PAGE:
John Sayles profile

Posted on October 17, 2018 · Posted in Accounting & Business

Supplier due diligence is a hot topic in government following the collapse of Carillion and profit warnings from other large public sector contractors.  This places John Sayles FCCA at the sharp end of events.  John has been head of commercial finance at Crown Commercial Service for the last three years, heading up a new function to consider the viability of potential public sector contractors.

 

“The essence is to undertake the due diligence and supplier assurance role for all new suppliers that may wish to join a framework that CCS is operating,” Sayles explains.  “We are very much involved at the front end in terms of assessing the risk of financial failure of particular suppliers for a commercial agreement.  For government, that reduces the risk of a particular supplier going down.”

 

Crown Commercial Service is a non-executive body of the Cabinet Office, which generates revenues that contribute to the Exchequer.  The revenues that John’s function provides are raised through a levy on the contract price charged by the supplier to public bodies.  But that contract price is lower because of the work of CCS, so the public sector achieves a net gain.

For some types of procurement, supplier failure risk is low.   With stationery and office equipment, for example, if the supplier ceases to trade an alternative supplier can be easily sourced and there is no financial loss for the public body as there will be no prepayment.  But, explains John, “there are other procurements, such as cyber services or major IT procurement, where there are larger call-offs and the role of Crown Commercial Service is to be an enabler for government to take some of the heavy lifting out of the procurement work, providing frameworks that government and public sector organisations can call off.”

 

John’s team – which is actually himself and one colleague, who is training to be ACCA qualified – undertake due diligence on between 50 and 60 frameworks per year.  That due diligence involves researching the economic and financial standing of every new supplier, with a focus on four pillars of business activities – buildings, people, technology and corporate services.  For each framework there can be as many as 300 to 400 bidders, whose viability and sustainability must be assessed in rigorous detail.

 

The buildings pillar includes facilities management and is being carefully reviewed by the public sector following the collapse of industry giant Carillion.  “We are looking at this very carefully,” concedes Sayles.  “There is more concern in that marketplace now.”  While the government is undertaking a policy review on what can be learnt from the Carillion experience, John is open that some responses are obvious.  One is to recognise that even if a subsidiary is in good health, it can be sunk by the parent company being in a weak situation.  Recent experience also underlines the Importance of not just going for the cheapest bidder, but of ensuring the sustainability of contractors.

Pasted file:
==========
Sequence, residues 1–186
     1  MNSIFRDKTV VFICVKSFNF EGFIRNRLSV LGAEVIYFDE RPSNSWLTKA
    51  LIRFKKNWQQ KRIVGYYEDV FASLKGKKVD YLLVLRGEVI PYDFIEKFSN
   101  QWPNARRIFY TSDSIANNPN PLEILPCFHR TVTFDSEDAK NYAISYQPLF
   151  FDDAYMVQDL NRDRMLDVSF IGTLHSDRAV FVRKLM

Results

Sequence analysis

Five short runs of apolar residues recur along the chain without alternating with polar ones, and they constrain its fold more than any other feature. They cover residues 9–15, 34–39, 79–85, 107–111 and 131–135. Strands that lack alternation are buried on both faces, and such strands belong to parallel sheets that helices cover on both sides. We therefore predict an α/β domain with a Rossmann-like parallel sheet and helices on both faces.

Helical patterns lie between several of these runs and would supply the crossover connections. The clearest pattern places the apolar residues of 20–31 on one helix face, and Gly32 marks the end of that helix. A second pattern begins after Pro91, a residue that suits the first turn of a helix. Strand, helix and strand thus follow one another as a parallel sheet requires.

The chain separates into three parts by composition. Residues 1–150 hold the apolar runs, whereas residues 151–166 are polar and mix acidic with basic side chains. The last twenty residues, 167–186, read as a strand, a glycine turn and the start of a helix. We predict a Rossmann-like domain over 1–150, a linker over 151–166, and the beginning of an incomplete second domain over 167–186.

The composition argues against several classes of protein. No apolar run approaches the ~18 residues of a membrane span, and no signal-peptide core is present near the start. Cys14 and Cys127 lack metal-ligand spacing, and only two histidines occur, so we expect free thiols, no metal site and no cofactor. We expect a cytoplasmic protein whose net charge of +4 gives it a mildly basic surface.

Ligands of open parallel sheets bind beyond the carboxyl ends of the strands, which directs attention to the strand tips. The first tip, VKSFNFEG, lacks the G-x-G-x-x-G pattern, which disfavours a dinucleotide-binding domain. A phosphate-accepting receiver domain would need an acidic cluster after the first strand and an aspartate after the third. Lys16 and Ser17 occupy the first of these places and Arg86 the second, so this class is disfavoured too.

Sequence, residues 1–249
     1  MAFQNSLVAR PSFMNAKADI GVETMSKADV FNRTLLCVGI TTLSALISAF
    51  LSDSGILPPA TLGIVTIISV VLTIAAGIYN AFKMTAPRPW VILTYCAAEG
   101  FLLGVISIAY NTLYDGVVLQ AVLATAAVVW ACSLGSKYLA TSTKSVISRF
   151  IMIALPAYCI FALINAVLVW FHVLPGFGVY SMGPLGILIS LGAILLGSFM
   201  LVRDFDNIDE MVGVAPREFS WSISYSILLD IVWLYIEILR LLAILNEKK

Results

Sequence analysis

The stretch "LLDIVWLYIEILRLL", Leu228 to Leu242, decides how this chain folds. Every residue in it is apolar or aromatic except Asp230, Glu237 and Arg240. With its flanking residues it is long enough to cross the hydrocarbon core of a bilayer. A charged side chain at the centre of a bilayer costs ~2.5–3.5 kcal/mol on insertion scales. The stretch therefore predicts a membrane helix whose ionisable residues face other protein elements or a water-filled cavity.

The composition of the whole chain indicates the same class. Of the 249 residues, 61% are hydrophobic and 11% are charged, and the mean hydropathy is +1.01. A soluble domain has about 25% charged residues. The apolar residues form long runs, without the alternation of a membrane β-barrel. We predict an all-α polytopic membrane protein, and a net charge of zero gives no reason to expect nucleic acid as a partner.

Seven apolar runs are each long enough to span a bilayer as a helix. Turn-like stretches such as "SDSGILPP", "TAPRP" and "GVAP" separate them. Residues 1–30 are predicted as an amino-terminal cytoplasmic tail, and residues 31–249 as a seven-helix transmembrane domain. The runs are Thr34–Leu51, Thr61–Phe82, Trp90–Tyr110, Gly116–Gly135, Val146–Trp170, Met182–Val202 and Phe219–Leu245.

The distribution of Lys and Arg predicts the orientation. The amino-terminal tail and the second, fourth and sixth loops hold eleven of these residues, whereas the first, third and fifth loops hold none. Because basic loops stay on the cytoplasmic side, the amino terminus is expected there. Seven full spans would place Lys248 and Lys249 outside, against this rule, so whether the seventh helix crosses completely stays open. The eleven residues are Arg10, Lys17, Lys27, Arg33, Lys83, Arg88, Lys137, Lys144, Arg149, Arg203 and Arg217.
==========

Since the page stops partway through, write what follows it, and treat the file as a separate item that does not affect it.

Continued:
Due diligence by CCS involves the use of Dun & Bradstreet for a basic assessment of a potential supplier.  This is backed, normally, by asking for the company’s last two years’ audited accounts.  If it is a new start, John and his colleague will look at business plans and finance lines.  Where there is a shortage of appropriate financial information, the team will do what John calls “a deeper evaluation”.  They will also look for warning signs, such as the loss of key personnel.

 

Certain principles are central to assessing the sustainability of a potential contractor.  Risk evaluation is key, as is understanding risk profile.  By subscribing to Dun & Bradstreet’s alert service, John’s team hope to obtain early warnings of problems.  But the intention is to strengthen the early warning system through greater knowledge sharing of problems across the public sector.  This is vital with regard to strategically important suppliers.  Greater transparency is central to improving supply chain assurance and is backed by the use of ‘open book accounting’, through which suppliers share information about the costs and profits of a specific contract with the client.

 

John’s role goes beyond checking supplier sustainability and also involves obtaining the best prices from contractors.  “We do the evaluation of the market, the pricing negotiations and put together a deal which is good value for money for government and the public sector, which will then bring savings,” he says.  “In essence it is an economies of scale model, aggregating demand.”  The range of providers can include public sector contractors – for example, NHS hospitals seeking to improve their own economies of scale by supplying laundry cleaning services to other local NHS bodies.  John’s role is also to assist the government fulfil a political objective of opening-up more public sector procurement to the SME sector.  The target is for SMEs to undertake a third of government contracts by 2022.

 

Prior to working for CCS, John was senior investigating accountant and financial controller at the Ministry of Defence, where his role supported

project teams in submarine programmes.  This followed private sector positions, including as financial controller for large hotel operations.

 

John qualified in 2003, while working for the Inland Revenue.  “My FCCA qualification has been tremendously important,” he reflects.  “The breadth of the range of areas studied gives you a broad experience.”  And Sayles is committed to giving back to the profession and ACCA.  “I attend local CPD events,” he explains.  “It’s important to share with the local accounting community.  ACCA is a very valuable resource.”